THE CHAIRMAN of estate agent chain Chancellors was trampled to death by his own horses after taking them out for a carriage driving exercise, an inquest heard today.

James Scott-Lee had been on a 'tremendous' seven mile ride with two of his horses and his horseman, Kevin Merry and the horseman's wife, Beverley on October 27 last year.

As the 66-year-old Chancellors chairman returned to his five stables at his Park House estate in Kirtlington, the horses became suddenly startled and kicked him to the ground before trampling on him.

A coroner heard that Mr Scott-Lee was then crushed by all four wheels of the carriage when it ran over him as he lay stricken on the ground.

In a joint statement, Mr Merry and his nurse wife told the inquest that when they arrived back to the stables the horses had been so well behaved that James had suggested going for another ride two days later.

“James got off the back and walked to one side to stand in front of one horse and Beverley stood on the other side, to create a wall for the horses to stop them moving any further,” the statement said.

“Kevin got off the carriage and detached the horses from the rear and walked around to the front. As he was doing this, James’ horse started to fidget and then reared up. James pulled it back down using the reigns. This unsettled my [Beverley’s] horse and I sensed the situation was starting to escalate and there was a risk the horses would bolt.

“I told James to get out of the way but he didn’t move. The horses lunged forward, knocking James to the ground. He was lying on his side in front of both horses, at which point they walked over him still attached to the carriage and drove over James’s body.”

Mrs Merry rushed to the aid of the father-of-one, who was still conscious but at first complained he could not feel his legs.

Paramedics were called and Mr Scott-Lee was taken by ambulance to the John Radcliffe Hospital in Oxford, where he complained of pain in his shoulder and back and tingling in his hands.

The coroner heard that scans only revealed he had multiple fractured ribs and despite doctors deeming his condition not to be life-threatening, they said he should be kept in hospital for 24 hours for observation.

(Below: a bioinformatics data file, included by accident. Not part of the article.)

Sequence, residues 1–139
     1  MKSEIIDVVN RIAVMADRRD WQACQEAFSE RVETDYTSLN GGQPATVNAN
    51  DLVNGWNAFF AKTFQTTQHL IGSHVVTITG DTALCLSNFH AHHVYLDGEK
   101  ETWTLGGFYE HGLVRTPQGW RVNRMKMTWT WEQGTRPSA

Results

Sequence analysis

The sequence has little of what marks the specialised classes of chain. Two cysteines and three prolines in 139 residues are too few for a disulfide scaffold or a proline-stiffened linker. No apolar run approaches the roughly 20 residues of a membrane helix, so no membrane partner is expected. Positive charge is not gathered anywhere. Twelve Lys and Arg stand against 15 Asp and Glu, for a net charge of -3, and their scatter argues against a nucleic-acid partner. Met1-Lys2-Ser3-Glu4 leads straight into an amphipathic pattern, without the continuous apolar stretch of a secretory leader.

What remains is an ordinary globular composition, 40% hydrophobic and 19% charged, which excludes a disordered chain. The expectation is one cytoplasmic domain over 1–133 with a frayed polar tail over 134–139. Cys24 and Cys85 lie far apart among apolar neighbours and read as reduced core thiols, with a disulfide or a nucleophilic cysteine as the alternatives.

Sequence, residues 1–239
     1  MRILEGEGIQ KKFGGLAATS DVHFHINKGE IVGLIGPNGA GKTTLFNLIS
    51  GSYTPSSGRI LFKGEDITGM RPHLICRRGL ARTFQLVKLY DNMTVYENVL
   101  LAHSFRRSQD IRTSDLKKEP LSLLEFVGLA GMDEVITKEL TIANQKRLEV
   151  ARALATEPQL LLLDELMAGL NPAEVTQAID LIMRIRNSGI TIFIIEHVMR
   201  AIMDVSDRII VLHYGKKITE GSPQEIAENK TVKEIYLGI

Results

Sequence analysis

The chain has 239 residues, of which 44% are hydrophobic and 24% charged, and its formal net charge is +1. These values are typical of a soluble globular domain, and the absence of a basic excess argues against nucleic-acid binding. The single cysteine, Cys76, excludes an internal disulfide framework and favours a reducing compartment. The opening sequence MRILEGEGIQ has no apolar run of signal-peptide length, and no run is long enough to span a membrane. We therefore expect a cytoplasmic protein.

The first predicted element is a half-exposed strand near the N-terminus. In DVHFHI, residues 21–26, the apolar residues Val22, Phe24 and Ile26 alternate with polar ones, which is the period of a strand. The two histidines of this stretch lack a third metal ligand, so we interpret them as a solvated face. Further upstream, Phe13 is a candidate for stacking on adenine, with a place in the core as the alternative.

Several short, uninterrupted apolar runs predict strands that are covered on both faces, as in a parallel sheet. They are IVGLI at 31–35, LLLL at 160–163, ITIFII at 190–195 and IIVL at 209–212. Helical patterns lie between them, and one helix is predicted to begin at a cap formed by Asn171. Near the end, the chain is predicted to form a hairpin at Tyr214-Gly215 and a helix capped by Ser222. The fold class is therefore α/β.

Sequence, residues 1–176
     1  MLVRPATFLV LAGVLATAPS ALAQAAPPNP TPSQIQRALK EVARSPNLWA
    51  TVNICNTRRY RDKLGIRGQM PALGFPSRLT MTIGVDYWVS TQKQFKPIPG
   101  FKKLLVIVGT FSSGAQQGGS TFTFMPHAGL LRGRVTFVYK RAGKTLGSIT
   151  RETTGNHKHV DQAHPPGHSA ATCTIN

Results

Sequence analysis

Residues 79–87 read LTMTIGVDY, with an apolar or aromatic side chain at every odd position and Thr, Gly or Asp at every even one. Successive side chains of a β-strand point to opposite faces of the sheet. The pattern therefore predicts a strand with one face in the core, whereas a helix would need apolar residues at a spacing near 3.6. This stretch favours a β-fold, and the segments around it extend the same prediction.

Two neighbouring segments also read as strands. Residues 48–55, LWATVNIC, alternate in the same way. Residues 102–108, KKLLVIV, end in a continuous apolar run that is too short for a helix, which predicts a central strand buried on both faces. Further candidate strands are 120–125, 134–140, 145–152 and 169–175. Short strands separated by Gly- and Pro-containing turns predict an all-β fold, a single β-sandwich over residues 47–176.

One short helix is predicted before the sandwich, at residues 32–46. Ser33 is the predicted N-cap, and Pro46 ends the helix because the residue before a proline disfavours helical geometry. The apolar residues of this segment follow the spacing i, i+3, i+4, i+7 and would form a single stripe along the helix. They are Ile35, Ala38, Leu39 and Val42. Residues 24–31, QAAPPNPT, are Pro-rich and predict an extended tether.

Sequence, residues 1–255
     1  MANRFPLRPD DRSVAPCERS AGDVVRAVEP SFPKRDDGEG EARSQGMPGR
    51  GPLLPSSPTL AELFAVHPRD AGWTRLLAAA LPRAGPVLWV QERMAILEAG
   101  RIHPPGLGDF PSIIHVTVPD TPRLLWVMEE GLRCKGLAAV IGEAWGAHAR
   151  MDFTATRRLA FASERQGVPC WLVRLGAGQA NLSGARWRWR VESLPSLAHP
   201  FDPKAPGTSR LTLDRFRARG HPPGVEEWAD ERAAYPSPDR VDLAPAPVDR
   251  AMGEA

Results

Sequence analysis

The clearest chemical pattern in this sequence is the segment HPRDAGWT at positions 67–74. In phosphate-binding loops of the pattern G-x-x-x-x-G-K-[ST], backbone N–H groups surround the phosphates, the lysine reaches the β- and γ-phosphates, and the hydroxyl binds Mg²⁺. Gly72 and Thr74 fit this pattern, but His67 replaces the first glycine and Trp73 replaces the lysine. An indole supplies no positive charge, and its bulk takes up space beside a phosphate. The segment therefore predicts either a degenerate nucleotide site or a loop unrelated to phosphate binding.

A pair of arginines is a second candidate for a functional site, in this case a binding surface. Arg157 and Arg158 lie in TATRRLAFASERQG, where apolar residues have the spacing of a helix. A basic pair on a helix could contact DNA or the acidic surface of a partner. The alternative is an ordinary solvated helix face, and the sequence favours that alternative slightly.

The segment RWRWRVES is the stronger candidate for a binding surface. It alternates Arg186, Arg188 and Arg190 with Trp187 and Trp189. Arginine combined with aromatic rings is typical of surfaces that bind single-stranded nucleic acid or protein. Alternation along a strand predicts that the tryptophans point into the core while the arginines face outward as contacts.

However, by the afternoon his condition had deteriorated rapidly and he was transferred to intensive care where further scans showed he had a broken vertebrae.

He was assessed again later by doctors who found his right pupil was unresponsive and that he had suffered a stroke.

Mr Scott-Lee was rushed to St George’s Hospital in Tooting, London where doctors told his wife Jill and his son that he had suffered extensive brain damage and they were unable to operate.

He died the following day, on October 28.

Doctors declared he had died as a result of posterior circulation stroke traumatic right vertebral artery dissection.

Giving evidence to the inquest in Oxford, Mr Merry, who had driven the horses, said James had kept five horses at his stables and it was his “dream” to be a horse and carriage driver.

He told the inquest it was the first time the two horses had ridden together and the drive had been “tremendous."

“James and I had done this with more experienced horses in the past with just the two of us, which is normal,” he said.

“I had asked Beverley to come along purely because was the first time. Normally James and I would do this ourselves.”

He told Oxfordshire Coroner Darren Salter that he did not know why the horses became “fidgety” but added that when they did “you’re meant to let go and get out of it."

“Horses are very strong and powerful, you couldn’t stop them, you just have to let go,” he said.

Recording a conclusion of accidental death, Mr Salter said: “I think I can certainly come to a conclusion from the evidence heard. There was a possible plan to undergo brain surgery but an MRI scan deemed it wasn’t to be something that could be carried out because of the damage that had already been done to Mr Scott-Lee’s brain.

“The evidence is that not only did the horses trample him but also the wheels of the carriage went over him, causing the various injuries referred to.

"The initial assessment was his injuries were not life-threatening. What wasn’t known by the treating medics at the John Radcliffe was that there was a traumatic right vertebrae dissection. It is not known if that is something that occurred at the time of the incident or developed later.”

Mr Scott-Lee’s family were not present in court.